New Delhi, September 10: To adopt global practices, the Ministry of Women and Child Development of the Delhi government is exploring the possibility of building breastfeeding and childcare rooms in the national capital. It is also looking at ways to amend the by-laws to open the way for such rooms.
The government has informed the Delhi High Court that it has drafted a policy for building baby feeding rooms and has sought comments and suggestions from the public. The draft policy has also been shared with landowning departments for their opinions. Taj Mahal Becomes First Indian Monument to Get a Breastfeeding Room.
The government is exploring the possibility of incorporating it in the future building plans and amendments to building by-laws to implement the policy.
Consultations have already held with organisations, like the Municipal Corporations of New Delhi, South Delhi, the Delhi Development Authority (DDA), the Department of Women & Child, and the Urban Development Department.
The move to build baby-feeding rooms is aimed at creating the environment that supports, protects and enables the mother to nurse her child in a safe, comfortable and hygienic place.
"The purpose is to formulate guidelines for the public utility departments and others for setting up facilities for nursing mothers and her child," the government said in an affidavit to the Delhi High Court in a case filed by a nine-month-old Avyaan through his mother Neha Rastogi and advocate Animesh Rastogi, seeking the court's intervention for providing adequate facilities to lactating mothers and their children.
The government has suggested that an ideal nursing room should preferably be on the ground floor with nursing counters equipped with sink, mirror and disposal bin, no sharp edges and hard corners and facilities for changing soggy diapers and washrooms.
The room size should be adequate, depending upon the footfalls, and easily accessible to all, including persons with disabilities. A female attendant could be posted outside to block entry of unwanted people and an emergency alarm/bell button should be provided alongside the flight button for the mother to call someone in case of emergency.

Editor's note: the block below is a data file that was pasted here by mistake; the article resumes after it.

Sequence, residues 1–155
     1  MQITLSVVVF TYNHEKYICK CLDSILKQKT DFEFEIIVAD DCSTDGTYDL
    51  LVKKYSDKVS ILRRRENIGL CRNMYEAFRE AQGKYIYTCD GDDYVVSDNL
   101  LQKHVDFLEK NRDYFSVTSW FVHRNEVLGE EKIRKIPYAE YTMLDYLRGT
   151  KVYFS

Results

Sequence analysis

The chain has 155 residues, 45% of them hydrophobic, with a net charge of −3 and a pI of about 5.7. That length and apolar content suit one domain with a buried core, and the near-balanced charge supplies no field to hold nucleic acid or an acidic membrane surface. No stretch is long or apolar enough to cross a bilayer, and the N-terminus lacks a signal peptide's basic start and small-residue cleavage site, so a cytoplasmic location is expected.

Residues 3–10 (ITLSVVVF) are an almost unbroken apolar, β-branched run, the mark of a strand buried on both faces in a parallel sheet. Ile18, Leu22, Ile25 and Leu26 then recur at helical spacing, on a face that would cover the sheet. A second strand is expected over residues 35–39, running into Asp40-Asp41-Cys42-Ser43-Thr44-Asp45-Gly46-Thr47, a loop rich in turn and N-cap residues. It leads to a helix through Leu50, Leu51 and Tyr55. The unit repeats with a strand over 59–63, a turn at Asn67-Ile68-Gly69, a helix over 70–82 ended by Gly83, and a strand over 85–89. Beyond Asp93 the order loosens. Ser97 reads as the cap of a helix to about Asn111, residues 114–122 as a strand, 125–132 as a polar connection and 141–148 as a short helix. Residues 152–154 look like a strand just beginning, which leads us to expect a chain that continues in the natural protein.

It should be properly lit, ventilated and have child-friendly atmosphere. In case of non-availability of space for a separate room, the nursing area should be shielded with curtains or flex walls for privacy.
The state government will launch publicity and awareness campaigns to encourage breastfeeding in the public setups, keeping in mind the infant's holistic development and strengthening of the mother-child bond.
According to the World Health Organisation (WHO) and UNICEF, infants should exclusively be breastfed for the first six months, and even after the introduction of complementary food, the breastfeeding should be continued for two years and beyond.
Some key points of the policy:
To ensure biological and natural right of a mother to nature her child;
The nursing rooms should be set up at all bus terminals and depots, railway stations, major Metro stations, court premises, shopping complexes, government and private commercial buildings, cinema halls, departmental stores and malls; and
The location of childcare room would have signages and the site-plan for easy access.